The omnipresent element in SAPCR cases is the child support calculation. Change is coming September 1, 2013. The Office of the Attorney General (OAG) has fulfilled its obligation (set 6 long years ago when the statutory guidelines net resource 'cap' increased to $7,500) by determining that the percentage change in the last six years CPI will increase the net resources 'cap' to $8,550.
For child support calculations, attorneys' and courts' utilized buzz words are:
1) net resources — the income numbers of the obligors (TEX. FAM. CODE § 154.062);
2) guideline percentages — depends on the number of children (§ 154.129);
3) application of guideline percentage to net resources (§ 154,125); and
4) any additional factors the court may consider which may increase or decrease the ultimate child support amount (§ 154.123.)
These 'cap' guideline child support numbers have increased slowly over the years. Prior to 1993, support for one child was 20 percent of $4,000 or $800 per month. Until 2007, the 'cap' net resource amount was $6,000 equaling $1,200 child support. Then the max number increased in 2007 to $7,500 creating a 'cap' child support of $1,500. The new presumptive 'cap' guideline support is 20 percent of $8,550 or $1,710 per month for one child.
The statute clearly applies the percentage to the obligor's net resources up to $8,550. Then the court may order additional child support as the court deems appropriate. At that juncture, the total proven needs of the children are considered and subtracted from the guideline support. Any additional needs shall then be allocated in consideration of the parties' income and additional proven needs of the children.
When the presumed net resource 'cap' was increased to $7,500 in 2007 via statute, the increase only applied to a SAPCR filed on or after September 1, 2007. The 2013 increase, also via the 2007 statute, only identifies that it is "to take effect beginning September 1 of the year of the adjustment." An argument could be advanced that it only applies to SAPCRs filed after September 1, 2013. I offer another rationale to make it applicable immediately to pending cases.
We recall law school and the prohibition against ex post facto laws and one could argue that this is the case. But I think that is in error. Recall that the prohibition against ex post facto laws is a greater or higher punishment for conduct imposed after that conduct was completed. Any change in the laws regarding procedural issues (i.e. extension of a statute of limitation or method of calculating child support) is not an ex post facto application.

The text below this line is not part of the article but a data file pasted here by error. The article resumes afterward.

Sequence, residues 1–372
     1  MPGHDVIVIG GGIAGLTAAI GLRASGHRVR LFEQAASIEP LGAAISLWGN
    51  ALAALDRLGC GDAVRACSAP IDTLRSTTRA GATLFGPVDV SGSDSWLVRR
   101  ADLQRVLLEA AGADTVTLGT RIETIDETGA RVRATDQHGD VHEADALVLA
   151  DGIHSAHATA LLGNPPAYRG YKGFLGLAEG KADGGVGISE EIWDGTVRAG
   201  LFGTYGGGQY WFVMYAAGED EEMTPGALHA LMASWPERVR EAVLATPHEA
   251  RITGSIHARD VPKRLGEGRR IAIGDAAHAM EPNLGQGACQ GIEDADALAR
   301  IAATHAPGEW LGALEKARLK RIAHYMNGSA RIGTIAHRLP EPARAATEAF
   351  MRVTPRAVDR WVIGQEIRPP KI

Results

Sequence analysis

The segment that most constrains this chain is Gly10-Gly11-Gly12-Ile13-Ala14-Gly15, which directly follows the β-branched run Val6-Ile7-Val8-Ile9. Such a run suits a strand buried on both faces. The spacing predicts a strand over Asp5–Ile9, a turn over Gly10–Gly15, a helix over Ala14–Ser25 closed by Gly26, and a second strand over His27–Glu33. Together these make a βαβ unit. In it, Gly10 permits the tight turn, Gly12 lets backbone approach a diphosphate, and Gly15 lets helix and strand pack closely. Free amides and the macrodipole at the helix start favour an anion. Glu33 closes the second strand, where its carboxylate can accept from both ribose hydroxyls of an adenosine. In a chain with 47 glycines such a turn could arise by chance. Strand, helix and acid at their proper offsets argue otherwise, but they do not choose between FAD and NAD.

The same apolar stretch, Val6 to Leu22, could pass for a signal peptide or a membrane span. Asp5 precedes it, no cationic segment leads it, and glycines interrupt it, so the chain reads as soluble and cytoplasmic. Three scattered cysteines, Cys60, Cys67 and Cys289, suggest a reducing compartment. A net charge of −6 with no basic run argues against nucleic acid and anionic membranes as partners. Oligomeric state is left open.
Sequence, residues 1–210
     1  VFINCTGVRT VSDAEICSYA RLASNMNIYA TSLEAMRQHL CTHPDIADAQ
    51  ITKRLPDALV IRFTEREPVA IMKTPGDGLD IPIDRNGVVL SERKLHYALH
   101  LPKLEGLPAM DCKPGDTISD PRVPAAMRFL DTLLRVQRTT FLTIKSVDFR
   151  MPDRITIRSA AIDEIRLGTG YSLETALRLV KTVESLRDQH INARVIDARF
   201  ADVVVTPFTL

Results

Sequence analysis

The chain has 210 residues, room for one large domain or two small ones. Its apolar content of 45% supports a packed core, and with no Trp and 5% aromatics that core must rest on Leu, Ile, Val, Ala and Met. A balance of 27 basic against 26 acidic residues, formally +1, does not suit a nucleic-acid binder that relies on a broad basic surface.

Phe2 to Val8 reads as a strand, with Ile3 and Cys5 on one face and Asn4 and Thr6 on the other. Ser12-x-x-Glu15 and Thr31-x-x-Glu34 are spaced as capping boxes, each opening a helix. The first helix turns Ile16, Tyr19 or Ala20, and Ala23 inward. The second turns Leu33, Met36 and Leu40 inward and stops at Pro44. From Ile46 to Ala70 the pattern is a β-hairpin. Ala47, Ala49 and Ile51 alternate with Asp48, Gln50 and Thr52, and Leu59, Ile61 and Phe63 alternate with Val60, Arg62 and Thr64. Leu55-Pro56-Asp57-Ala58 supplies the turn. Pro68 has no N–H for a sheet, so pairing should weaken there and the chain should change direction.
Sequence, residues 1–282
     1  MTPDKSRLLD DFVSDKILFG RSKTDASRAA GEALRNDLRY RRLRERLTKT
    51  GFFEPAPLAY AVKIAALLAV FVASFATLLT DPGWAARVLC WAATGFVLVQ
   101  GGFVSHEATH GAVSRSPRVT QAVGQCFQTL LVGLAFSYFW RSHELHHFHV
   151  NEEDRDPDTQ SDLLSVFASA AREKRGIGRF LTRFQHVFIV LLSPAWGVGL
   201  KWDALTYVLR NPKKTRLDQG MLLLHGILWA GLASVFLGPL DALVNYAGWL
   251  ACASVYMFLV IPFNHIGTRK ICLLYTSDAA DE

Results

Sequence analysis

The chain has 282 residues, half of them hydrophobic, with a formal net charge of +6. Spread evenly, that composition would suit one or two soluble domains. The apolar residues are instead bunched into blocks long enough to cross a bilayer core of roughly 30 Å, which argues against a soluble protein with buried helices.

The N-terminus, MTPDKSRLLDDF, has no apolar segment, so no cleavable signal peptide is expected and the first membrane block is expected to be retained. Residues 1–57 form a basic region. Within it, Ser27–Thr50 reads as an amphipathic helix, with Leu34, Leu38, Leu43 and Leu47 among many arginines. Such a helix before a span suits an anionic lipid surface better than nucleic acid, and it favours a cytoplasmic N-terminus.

One could argue on behalf of the obligor that child support is a punishment. But of course it is not. The child support calculations procedures have stayed the same. The courts continue their ability to order above or below guidelines support. Only the presumptive maximum net resource number has increased — equating to $210 increase for a single child per month.
If you are arguing on behalf of an obligee, then urge that the child support should automatically go up starting September 1, 2013. If your client is getting guideline support on the $7,500 on a current case, why is it unfair to the obligor for an increase? The "child's best interest" supports an increase of $210.
On a practical level, we lawyers generally ask the legal assistants to initially calculate child support on our client's behalf. I rely on my legal assistants to inform clients of the necessary steps to set up account and transfers via the SDU. Nonetheless, a brief reminder for all is advisable pursuant to the new rules within this article. (Always inform your client of the OAG's address and phone number. Their child support website is https://childsupport.oag.state.tx.us.) In the letter to your client, tell them their registration will be matched with the information from the OAG once it is entered by the OAG. If your client is 'Johnnie on the Spot,' that information will not be recognized until the OAG inputs the data. Remind your client that it could be days or weeks after entry of the order. At this juncture, you are safely protected with your client that you have done all you can to start the OAG working their magic.
The Wage Withholding Order entered by the court via the clerk's office is transmitted to the OAG which then enters it into the SDU system. The larger counties have dedicated staff to continuously input the data, and the smaller counties put it on their to-do list and implement it in groupings. Although I have regularly been pleased with the efficiency of both the clerk's office as well as the local Attorney General's offices, my inclination is that it is easier to protect your client by adding another letter of instructions.
I recommend you obtain another copy of the Wage Withholding Order as well as the final order containing the child support language (e.g. Divorce Decree) and forward them both to the OAG in San Antonio. Within the cover letter, indicate the parties' identification information; point out the pages of the order on which the child support is indicated; and identify any unique aspects such as when the child support begins or if there is an automatic increase or step-down that is unique to your case.
Maximizing support child amounts and ensuring the OAG bureaucracy does what it can for your client's smooth transition of paying or receiving child support will go a long way with the client having a nice memory of the last interaction with your office.